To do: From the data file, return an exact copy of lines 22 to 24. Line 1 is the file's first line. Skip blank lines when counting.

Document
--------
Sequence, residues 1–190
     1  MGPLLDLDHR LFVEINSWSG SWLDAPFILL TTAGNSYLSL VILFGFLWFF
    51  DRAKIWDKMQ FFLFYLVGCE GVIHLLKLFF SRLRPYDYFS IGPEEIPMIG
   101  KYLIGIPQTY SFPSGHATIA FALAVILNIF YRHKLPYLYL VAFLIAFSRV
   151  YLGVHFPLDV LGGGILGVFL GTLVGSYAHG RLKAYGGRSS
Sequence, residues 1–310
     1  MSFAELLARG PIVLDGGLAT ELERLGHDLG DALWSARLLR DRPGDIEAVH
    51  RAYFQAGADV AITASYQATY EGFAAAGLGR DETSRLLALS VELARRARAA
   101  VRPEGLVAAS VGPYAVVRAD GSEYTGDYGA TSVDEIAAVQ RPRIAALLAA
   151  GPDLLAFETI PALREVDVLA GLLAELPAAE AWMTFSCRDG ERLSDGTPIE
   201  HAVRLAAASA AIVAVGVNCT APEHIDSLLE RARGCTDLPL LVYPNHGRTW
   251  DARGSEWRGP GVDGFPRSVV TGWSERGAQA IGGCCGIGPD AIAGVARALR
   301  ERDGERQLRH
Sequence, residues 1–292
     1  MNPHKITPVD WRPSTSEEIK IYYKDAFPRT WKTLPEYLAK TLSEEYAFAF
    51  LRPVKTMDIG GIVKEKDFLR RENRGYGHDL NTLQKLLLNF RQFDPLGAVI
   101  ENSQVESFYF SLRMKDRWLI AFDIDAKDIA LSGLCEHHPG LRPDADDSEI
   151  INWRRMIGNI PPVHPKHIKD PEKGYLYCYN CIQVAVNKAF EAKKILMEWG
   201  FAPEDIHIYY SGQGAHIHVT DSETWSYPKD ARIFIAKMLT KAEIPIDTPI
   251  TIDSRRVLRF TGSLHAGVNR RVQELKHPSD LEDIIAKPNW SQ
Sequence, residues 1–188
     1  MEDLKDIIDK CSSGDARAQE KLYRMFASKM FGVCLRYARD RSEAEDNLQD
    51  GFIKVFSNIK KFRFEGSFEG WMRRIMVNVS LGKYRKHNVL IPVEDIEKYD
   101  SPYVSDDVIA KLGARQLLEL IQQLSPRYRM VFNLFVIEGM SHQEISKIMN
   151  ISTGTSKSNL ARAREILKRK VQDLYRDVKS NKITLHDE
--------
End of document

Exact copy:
     1  MEDLKDIIDK CSSGDARAQE KLYRMFASKM FGVCLRYARD RSEAEDNLQD
    51  GFIKVFSNIK KFRFEGSFEG WMRRIMVNVS LGKYRKHNVL IPVEDIEKYD
   101  SPYVSDDVIA KLGARQLLEL IQQLSPRYRM VFNLFVIEGM SHQEISKIMN